Corals have kept up with natural increases in sea level over the millennia, but now sea level is rising so fast that it threatens to drown many reefs—when the water gets too deep, the zooxanthellae can’t photosynthesize anymore. Logging mangrove forests for charcoal and to make room for shrimp farms removes the buffer between coral reefs and the land. As a result, more silt and pollution enter the water, harming not only the reefs but also the sea grass meadows that often surround patch reefs. These meadows are extremely sensitive to silt and pollution and they need lots of light to thrive, but pollution allows algae to overgrow and kill seagrass. Many coral reef species like conch, turtles, and French grunts depend on the meadows for food and the reefs for shelter in the reef, where their waste products are used by corals to grow. Less seagrass means less nutrition for corals.

On top of all that, we’ve made coral reefs more vulnerable by recklessly blowing them up to harvest fish, using cyanide to capture live fish for the aquarium trade, dumping sewage into them, and allowing pollution from farms and poorly managed land to run right into ocean waters. Coral reefs depend on very clean, very clear water to survive. Silt and pollution stress them out, sometimes causing bleaching and often causing slower growth, disease and overgrowth by aggressive seaweeds that take over the reef. Killing excessive numbers of coral reef fish, many of which eat the seaweeds, makes matters worse.

When you are sick and stressed out, the first step toward better health is to remove as many stresses from your life as possible. You stay home, rest, and eat healthy food to help your body fend off the illness, right? That’s the best prescription for coral reefs, too. We need to reduce their overall stress level by stopping destructive fishing practices, sewage pollution and polluted runoff.

Of course, when you are really sick, it’s important to take your medicine to attack the cause of the illness, even if it tastes bad or is painful in the short term. In the case of global warming, the medicine includes strong state and federal laws that cap emissions of the pollutants from utilities, industry, agriculture, cars and trucks that cause global warming. Furthermore, we must encourage ways to suck these pollutants out of the atmosphere, such as by planting trees and changing the way we farm crops. While some things we must do to fight global warming will impose costs on all of us, many make sense in their ownright by saving money and contributing growth to the economy. In the U.S., one of the most profligate energy users in the world, there is a huge margin for increased energy efficiency without harming economic productivity.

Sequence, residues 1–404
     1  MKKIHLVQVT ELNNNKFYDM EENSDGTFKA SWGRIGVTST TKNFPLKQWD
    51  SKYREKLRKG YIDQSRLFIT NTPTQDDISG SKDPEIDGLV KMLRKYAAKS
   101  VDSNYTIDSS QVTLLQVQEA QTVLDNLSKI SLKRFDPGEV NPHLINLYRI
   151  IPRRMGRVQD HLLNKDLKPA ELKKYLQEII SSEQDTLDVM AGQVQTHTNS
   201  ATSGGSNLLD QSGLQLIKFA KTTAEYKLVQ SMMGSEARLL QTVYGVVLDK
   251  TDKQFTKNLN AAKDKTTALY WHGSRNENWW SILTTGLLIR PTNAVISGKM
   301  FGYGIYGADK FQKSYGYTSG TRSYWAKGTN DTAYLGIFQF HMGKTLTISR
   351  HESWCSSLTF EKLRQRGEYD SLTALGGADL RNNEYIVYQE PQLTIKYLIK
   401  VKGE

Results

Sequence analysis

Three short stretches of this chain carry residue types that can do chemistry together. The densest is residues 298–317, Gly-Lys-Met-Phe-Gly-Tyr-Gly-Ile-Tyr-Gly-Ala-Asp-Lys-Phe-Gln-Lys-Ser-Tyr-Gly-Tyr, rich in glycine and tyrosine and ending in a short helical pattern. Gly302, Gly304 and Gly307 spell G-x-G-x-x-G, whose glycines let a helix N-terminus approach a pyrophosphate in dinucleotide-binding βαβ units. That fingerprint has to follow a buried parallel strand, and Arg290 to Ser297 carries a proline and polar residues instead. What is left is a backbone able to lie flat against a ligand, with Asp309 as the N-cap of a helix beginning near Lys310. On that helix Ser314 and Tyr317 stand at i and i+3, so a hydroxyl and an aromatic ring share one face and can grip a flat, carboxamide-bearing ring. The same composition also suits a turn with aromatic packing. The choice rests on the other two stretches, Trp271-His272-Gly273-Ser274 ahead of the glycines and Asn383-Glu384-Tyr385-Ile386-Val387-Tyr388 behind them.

Divers can help by volunteering to monitor coral reefs (with organizations like ReefCheck, for example) and by educating others who are not as intimate with reefs as we are. We can support the organizations working hard to fight serious threats to reefs and respond to their action alerts with emails, phone calls and letters to the policymakers who can make a difference. Some of these organizations are listed below.

Coral reefs need all the help they can get to cope with the inevitable warming, acidification and sea-level rise that is happening now and will continue over the next few decades. And they also need us to drive more fuel-efficient cars, buy more energy-efficient appliances, and turn down the thermostat in the winter and the AC in the summer. Governments need to respond to global warming, but each company and consumer has a moral responsibility to respond as well. Global warming is already affecting our planet and poses a grave threat to our well-being and that of our co-inhabitants on Spaceship Earth. Each of us must rise to this generational challenge with ingenuity, commitment and compassion.

Author Rod Fujita, Ph.D., is a marine ecologist with Environmental Defense and a member of the Board of Directors of the Coral Reef Alliance. He is the author of Heal the Ocean: Solutions for Saving Our Seas, which is available at All our books’ profits go to saving coral reefs.